My friend Peter, apparently reacting to that recent front-page headline in this very newspaper declaring that the “Council looks at broader bag ban,” has just about had enough.
But before we get to Peter and his concerns, a little background is in order.
Obviously, judging from the headline above, it seems our hyper-active council wishes not only to ban plastic bags, paper bags, bag ladies and baguettes, but “broader” bags as well. Not sure how they’re defining a “broad” bag, but I’m sure they’ll appoint some sort of Bag Advisory Group (BAG) to study the issue and come up with several recommendations.
Initially, we heard the council was willing to entertain a plastic bag ban for major retailers with gross sales above a certain amount. Now we’re hearing they want to ban any bag that moves at any establishment whatsoever, regardless of size or sales.
According to Tom Sakash’s superb front-pager, “The council had the opportunity to tell staff that it is ready to move forward with implementing an ordinance that would exile about 90 percent of plastic bags from the city.”
Exile? Are we going to send them all to Woodland?
“The ordinance the city’s Natural Resources Commission had drawn up essentially required only grocery stores, convenience stores and pharmacies to discontinue offering the bags,” Sakash notes, even as we can tell that sentence will be followed by a great, big “but.”
Adds Sakash, “But Mayor Joe Krovoza and Councilman Brett Lee seemed to want to extend the ban to all businesses, as both didn’t believe it would be equitable to force only part of the business community to comply.”
They’re right. If plastic bags are bad, they’re bad. Period. It doesn’t really matter how big the retailer using them happens to be. To be fair, you have to ban all of them.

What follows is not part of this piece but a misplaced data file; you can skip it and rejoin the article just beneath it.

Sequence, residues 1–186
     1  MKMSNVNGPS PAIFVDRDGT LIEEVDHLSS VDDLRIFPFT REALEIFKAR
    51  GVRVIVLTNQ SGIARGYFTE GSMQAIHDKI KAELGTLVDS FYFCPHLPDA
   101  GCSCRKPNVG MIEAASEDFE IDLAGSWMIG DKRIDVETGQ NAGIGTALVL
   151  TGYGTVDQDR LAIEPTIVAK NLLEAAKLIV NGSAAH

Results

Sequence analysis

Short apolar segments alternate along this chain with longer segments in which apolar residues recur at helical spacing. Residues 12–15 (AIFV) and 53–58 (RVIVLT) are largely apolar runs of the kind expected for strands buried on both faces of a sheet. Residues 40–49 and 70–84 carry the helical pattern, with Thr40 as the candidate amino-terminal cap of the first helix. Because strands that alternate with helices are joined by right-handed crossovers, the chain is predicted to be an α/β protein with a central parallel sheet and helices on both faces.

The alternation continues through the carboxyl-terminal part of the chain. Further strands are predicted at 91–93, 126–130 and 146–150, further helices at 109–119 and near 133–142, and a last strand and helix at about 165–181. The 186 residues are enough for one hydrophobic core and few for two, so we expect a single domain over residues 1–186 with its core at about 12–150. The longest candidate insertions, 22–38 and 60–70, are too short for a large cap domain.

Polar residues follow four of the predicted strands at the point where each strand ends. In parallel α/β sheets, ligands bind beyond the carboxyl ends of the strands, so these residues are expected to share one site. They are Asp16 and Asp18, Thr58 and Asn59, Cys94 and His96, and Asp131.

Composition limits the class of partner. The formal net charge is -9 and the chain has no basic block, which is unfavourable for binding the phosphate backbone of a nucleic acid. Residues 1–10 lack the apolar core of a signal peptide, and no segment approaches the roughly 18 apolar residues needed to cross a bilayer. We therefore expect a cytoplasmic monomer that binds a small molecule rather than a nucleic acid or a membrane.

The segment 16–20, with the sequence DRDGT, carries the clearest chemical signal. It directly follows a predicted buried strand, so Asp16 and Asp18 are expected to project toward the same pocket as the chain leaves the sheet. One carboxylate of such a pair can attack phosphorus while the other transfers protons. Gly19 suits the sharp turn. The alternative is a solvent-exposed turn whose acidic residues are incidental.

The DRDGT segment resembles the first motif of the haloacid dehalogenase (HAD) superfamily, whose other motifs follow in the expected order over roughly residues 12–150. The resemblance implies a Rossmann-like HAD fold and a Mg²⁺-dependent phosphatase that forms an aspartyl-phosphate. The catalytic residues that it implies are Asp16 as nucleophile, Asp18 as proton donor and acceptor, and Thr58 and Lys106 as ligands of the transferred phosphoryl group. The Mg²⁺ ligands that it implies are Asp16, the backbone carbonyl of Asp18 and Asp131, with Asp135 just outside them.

Of course, this presumes you think any bags at all need to be banned in the first place.
Said Brett Lee: “I think this is sort of misnamed as this plastic bag ban. It’s a plastic bag ban if you happen to be a supermarket, drug store or liquor store. There’s a whole group of businesses which are not touched by this approach. Are plastic bags bad? Or are they only bad if they come from a supermarket?”
Yep, Brett framed the issue and then nailed it.
Krovoza chimed in that his “biggest problem” is “just the inequity of saying we’re going to do a ban. If you want consistency and you want fairness and you want to treat all businesses equally, then that’s what you do, as opposed to circumscribing who it applies to and who it doesn’t apply to.”
Or maybe you solve the fairness problem by banning nothing at all and let the good citizens of Davis use common sense as to what they bag and what they don’t.
But back to Peter, who seems to have had enough of this debate.
Looking down the road to one future day in our fair city, Peter writes: “Coming home from a long day of work, I opt for take-out from my favorite Thai restaurant.”
Fair enough, but we don’t need a name, Peter. Given that there are 328 Thai restaurants on G Street alone, we can all let our imaginations run wild.
Adds Peter: “Declining to pay for parking at the newly installed meters, I miraculously find a spot blocks away (thanks to the Patron Saint of Parking) and note it is downgraded to only 90 minutes. I join a friend for a drink and note with resentment that my 90-minute parking is almost over.
“My now-rushed food order is delivered in a paper bag, for which I must pay (doesn’t everyone know how much water and energy goes into making paper?). Hurrying back to my car, I find the promptly delivered city parking ticket adorning my windshield, and then — while crawling down the recently ‘skinnied’ Fifth Street — jam my brakes to avoid an oblivious bicyclist.”
Peter, Peter, Peter. The term “oblivious bicyclist” is redundant in this town.
“The garlic sauce from my order oozes through the paper bag, creating artistic patterns on my car seat. How much more hostile can they make downtown Davis for us, or anyone?”
But wait, Peter isn’t through with us.
“What about all those plastic bags that wrap our newspapers on rainy days? Will we get a nice paper bag instead to protect our papers?”
The city can’t touch our product, Peter. The First Amendment and freedom of the press will survive any attempt to strip us of our plastic bag protection.
Trust me on this.
— Reach Bob Dunning at email@example.com